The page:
Who is responsible for heroin overdoses?

Readers Question Readers Question: (Name changed for privacy)
Stanton Peele Response by: Dr. Stanton Peele
Posted on December 13th, 2010 - Last updated: June 28th, 2019
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I just read your reply to Sherry whose brother died of a heroin overdose. “Should I get even with the drug dealer who killed my brother?” Your response says that he took the drugs himself … this is true. However, this is not the issue. The issue is that someone else sat there and knew he was dying. Just because someone is a drug addict gives them no excuse to watch someone else die. Just because her brother was a drug addict does not mean that his death is less important than someone else. The same thing happened to my brother and there were two people in his presence who ‘watched him die’. I think these people should be prosecuted because they have a responsibility to human life, whether they are junkies or not. I am tired of hearing “well if he didn’t associate himself with junkie losers he wouldn’t be dead.” I know what the law is in here in NY, but in Florida they are very different. In a situation like this, these people can be charged with culpable negligence and spend some 15 years or more in jail. There was a case just like this where the son of a detective was sentenced to 15 years for watching his friend die. So, there is justice, just not everywhere. Should Sherry get even’ with the people who killed her brother? Well …. only if she doesn’t get caught. Good luck Sherry.



I sympathize with Sherry and her dead brother. Really, who should we blame for his and your brother’s death? (By the way, Sherry was principally concerned with the dealer who sold her brother his drugs, not the fellow addicts who might have used with him.)

Often, an addict who become comatose when using (and my work indicates this is very rarely due to “overdose”, meaning taking too intense a dose of the narcotic) will often die as a result of other addicts stranding him or her.

True, these people are often not the most responsible and prosocial people. But the reason they don’t call the police or an emergency squad or deposit the individual at the hospital is because they’re afraid for their own pathetic skins. And who can blame them? They have been committing a crime, and are liable for the consequences. Obviously, they are additionally worried that they can be implicated in the stricken person’s death, if it amounts to that, as you proudly point to in Florida and other states.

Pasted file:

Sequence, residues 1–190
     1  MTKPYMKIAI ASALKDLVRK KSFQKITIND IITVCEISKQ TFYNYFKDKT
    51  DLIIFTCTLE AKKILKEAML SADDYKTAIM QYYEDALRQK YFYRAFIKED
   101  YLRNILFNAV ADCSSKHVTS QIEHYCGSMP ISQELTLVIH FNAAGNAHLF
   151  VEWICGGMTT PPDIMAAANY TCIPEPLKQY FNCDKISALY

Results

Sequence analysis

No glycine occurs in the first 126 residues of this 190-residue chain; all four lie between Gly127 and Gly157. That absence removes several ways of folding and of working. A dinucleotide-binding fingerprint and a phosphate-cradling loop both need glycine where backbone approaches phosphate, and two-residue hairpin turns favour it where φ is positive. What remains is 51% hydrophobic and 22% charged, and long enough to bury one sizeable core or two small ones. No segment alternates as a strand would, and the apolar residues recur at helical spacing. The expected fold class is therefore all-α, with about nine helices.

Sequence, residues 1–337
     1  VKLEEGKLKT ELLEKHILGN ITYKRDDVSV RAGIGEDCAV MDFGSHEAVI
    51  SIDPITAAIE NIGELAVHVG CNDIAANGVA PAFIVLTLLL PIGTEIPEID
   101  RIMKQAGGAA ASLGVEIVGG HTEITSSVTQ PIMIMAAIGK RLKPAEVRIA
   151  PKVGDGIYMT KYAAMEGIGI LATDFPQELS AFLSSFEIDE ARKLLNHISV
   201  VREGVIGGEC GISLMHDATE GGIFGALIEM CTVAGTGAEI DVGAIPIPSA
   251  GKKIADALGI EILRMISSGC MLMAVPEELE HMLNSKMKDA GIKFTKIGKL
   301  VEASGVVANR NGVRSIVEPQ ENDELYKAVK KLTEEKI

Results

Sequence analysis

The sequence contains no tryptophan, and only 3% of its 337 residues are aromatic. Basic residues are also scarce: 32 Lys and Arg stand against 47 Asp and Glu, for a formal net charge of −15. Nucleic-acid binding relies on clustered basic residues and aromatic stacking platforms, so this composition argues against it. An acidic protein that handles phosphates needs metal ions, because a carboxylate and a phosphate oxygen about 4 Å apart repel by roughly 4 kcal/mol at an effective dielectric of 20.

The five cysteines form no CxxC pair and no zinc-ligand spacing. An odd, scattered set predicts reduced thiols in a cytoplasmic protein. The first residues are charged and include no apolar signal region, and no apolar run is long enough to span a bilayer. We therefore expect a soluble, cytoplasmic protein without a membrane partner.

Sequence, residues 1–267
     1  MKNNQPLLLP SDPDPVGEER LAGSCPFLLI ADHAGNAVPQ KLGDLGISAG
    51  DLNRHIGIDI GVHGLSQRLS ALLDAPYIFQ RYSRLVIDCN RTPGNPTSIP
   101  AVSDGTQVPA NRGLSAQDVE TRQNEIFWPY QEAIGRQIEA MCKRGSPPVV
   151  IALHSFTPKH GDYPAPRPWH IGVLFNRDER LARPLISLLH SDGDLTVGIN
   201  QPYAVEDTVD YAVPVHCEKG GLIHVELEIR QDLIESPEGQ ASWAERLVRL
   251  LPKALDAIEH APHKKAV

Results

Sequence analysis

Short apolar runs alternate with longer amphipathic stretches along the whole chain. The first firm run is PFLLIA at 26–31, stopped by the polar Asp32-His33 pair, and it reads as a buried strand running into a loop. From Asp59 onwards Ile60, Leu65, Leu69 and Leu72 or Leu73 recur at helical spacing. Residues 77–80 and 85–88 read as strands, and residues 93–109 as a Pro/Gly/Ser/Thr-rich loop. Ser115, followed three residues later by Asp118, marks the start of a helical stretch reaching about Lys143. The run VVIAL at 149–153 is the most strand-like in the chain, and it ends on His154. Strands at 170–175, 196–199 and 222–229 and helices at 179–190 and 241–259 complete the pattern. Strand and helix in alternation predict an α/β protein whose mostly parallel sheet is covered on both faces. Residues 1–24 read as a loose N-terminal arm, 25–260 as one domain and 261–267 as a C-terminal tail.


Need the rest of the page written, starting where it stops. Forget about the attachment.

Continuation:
Thus, what are the remedies for acute heroin and related drug poisoning? One is to provide clean shooting rooms for addicts, and another is to instruct addicts that any calls for emergency assistance will not result in punishment of those present. Remember, these drug users are human beings, as you indicate, and usually those at the bottom of the social totem pole. Those responsible for making our drug laws are those on the top. Shouldn’t they have more sense?


Stanton Peele

Dr. Stanton Peele, recognized as one of the world's leading addiction experts, developed the Life Process Program after decades of research, writing, and treatment about and for people with addictions. Dr. Peele is the author of 14 books. His work has been published in leading professional journals and popular publications around the globe.


  • Mom says:

    I’m at a loss here. My son was found dead on the front dirty grass lot after being given a lethal dose of heroin. Cop says they were called anonymously and told a known junkie was dying or already dead at the address, and hung up. Cops didn’t bother tracing the call. Interviews were done with two living where my son was found. The guy, I found out by ASKING (they didn’t even feel it was my BUSINESS to know his name!). I knew this punk’s name. Known by those my son did drugs with (yes, he was an addict who smoked heroin for 5 months until it killed him) as the “needle guy” who provided needles to IV drug users. He also had the moniker because he would inject those who wanted the high that IV administration gives that is better than smoking. The most common form of heroin here in Phoenix, Arizona is called ” black tar”, a gummy, sticky form of the drug that comes over the border from Mexico. Snorting it is impossible. So it is smoked on tin foil, or “shot up”. My son couldn’t inject himself (all of his drug buddies told me that). When I read the coroner’s report, two tiny needle marks were found between two fingers on his right hand, with one in the crook of his right arm. Funny thing, though. My son was truly and only RIGHT HANDED. Interesting? I thought so. And by the way: per the coroner, my son bore no ” track marks ” typically found on IV junkies. Bottom line ? My 21 year old, my only son, wore a T-shirt thats back was shredded from, I believe, from being dragged onto that spot, where he was covered in dirt, grass, and who had become a 6′ tall, 240 pound feast for the ants that were transported along with my son in the body bag to the morgue, again, per the final coroner’s report. It also read that he died by accidental overdose. The cop, from the Phoenix PD’s “Violent Crime” unit told me, after telling him that my son did NOT do this to himself, “I’m sorry, ma’am. This is just another case of a junkie who ODed and died. No investigation was begun. No arrests were made. Oh, and ” the needle guy left town.

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